Everyone is trying to figure out what we can do with all the plastic we use and dispose. Cahal Milmo writes on the i news website about a new scientific breakthrough that could have discarded plastic used as a fuel for hydrogen-powered vehicles.
Waste plastic could be used to fuel cars using recycling technique developed by British scientists
Discarded plastic could be used to fuel hydrogen-powered vehicles using a groundbreaking recycling technique discovered by British-based researchers.
Scientists at Swansea University believe they have found a way to conquer a key problem with recycling the billions of tonnes of plastic waste generated every year by discovering a method which produces energy regardless of the type of raw material and its cleanliness.
Using specially developed microscopic nanoparticles, the process harnesses sunlight to break down all types of discarded plastic and create hydrogen, which can in turn be used in fuel cells to power electric cars.
The researchers point out that only a tiny proportion of the plastic produced worldwide is currently recycled because of restrictions which include the fact that discarded materials must be clean.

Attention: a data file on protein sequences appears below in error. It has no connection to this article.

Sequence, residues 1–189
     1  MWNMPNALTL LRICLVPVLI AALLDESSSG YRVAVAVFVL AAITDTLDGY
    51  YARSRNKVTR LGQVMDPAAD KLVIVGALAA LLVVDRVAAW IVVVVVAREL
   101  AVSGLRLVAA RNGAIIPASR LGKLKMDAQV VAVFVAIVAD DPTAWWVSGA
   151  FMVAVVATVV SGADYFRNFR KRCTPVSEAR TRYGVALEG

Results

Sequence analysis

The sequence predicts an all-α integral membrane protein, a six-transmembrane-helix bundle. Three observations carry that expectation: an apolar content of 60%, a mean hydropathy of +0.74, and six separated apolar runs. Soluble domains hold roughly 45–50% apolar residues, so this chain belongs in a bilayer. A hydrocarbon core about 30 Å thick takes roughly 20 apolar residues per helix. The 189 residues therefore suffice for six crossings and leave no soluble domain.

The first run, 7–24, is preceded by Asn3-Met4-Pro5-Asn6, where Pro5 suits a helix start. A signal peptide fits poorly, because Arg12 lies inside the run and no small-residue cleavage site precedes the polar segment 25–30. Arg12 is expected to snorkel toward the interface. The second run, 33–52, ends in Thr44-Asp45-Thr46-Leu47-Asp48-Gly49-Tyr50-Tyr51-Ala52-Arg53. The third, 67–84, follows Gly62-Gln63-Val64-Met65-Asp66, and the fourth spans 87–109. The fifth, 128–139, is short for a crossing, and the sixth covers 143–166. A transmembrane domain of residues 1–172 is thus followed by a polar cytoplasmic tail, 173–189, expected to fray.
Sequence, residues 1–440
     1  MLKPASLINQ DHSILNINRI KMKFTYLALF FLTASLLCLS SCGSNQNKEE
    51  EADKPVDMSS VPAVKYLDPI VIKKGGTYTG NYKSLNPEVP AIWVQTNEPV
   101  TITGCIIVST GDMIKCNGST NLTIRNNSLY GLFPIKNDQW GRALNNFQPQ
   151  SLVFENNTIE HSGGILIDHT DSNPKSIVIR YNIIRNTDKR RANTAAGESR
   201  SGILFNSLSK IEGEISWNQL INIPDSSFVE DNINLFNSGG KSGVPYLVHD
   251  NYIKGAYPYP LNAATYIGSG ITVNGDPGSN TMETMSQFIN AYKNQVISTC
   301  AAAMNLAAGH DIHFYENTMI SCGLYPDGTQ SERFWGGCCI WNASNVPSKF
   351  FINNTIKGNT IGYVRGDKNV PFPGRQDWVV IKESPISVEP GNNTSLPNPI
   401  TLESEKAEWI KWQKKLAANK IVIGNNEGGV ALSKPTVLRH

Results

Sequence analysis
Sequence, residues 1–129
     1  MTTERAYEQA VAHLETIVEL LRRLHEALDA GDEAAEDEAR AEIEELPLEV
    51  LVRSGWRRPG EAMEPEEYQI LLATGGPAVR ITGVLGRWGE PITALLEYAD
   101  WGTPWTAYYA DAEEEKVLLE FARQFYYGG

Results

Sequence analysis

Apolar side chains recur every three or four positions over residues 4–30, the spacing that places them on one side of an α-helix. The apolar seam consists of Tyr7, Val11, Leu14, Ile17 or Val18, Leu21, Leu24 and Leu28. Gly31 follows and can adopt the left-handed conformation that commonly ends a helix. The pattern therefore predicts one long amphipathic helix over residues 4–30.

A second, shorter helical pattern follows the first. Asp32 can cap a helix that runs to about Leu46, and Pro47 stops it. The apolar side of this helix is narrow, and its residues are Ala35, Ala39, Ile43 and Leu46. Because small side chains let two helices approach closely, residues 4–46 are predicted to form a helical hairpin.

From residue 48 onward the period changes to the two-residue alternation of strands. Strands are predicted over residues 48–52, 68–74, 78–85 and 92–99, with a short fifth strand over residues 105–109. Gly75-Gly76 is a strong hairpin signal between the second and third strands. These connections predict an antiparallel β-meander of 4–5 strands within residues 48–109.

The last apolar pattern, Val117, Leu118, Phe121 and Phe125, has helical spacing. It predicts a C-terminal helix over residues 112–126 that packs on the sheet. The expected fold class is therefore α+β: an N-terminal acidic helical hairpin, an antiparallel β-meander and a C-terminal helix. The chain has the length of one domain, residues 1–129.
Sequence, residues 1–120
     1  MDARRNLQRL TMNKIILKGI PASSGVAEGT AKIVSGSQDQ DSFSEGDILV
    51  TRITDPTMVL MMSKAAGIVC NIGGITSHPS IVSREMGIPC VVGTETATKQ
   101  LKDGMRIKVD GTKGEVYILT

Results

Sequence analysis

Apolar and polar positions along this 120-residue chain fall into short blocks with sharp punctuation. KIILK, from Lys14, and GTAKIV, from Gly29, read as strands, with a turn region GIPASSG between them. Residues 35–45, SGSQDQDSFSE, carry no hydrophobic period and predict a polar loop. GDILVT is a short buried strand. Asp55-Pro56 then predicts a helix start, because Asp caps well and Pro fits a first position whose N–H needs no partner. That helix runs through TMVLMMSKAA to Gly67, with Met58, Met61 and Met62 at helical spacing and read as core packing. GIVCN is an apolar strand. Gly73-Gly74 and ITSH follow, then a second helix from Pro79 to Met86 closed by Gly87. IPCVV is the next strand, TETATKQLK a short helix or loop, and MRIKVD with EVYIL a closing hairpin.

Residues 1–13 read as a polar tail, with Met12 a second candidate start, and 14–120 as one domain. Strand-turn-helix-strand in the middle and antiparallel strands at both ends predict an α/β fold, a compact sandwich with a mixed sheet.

Dr Moritz Kuehnel, of Swansea’s chemistry department, said: “The beauty of this process is that it’s not very picky. It can degrade all sorts of waste. Even if there is food or a bit of grease from a margarine tub, it doesn’t stop the reaction – it makes it better.
“The process produces hydrogen gas. You can see bubbles coming off the surface. You can use it, for example, to fuel a hydrogen car.”
The team warn that scaling up the method into an industrial process is still years away but underline that it has the double advantage of finding a use for currently unrecyclable plastic by generating hydrogen while also producing the raw ingredients for new plastics as a result of that process.
The light-absorbing nano-material, made of cadmium sulphide, degrades the plastic when placed in an alkaline solution and exposed to sunlight.
The process converts the plastic into small organic molecules that can be used to make new polymers as well as producing hydrogen.
Although hydrogen cells are regarded as one of the cleanest new transport fuels, the high cost of producing the hydrogen has hitherto hampered mass uptake of the technology. The researchers hope their new method could provide a source of cheap hydrogen.
Dr Kuehnel said: “We get the hydrogen fuel and we get a chemical we can use to make new plastic.”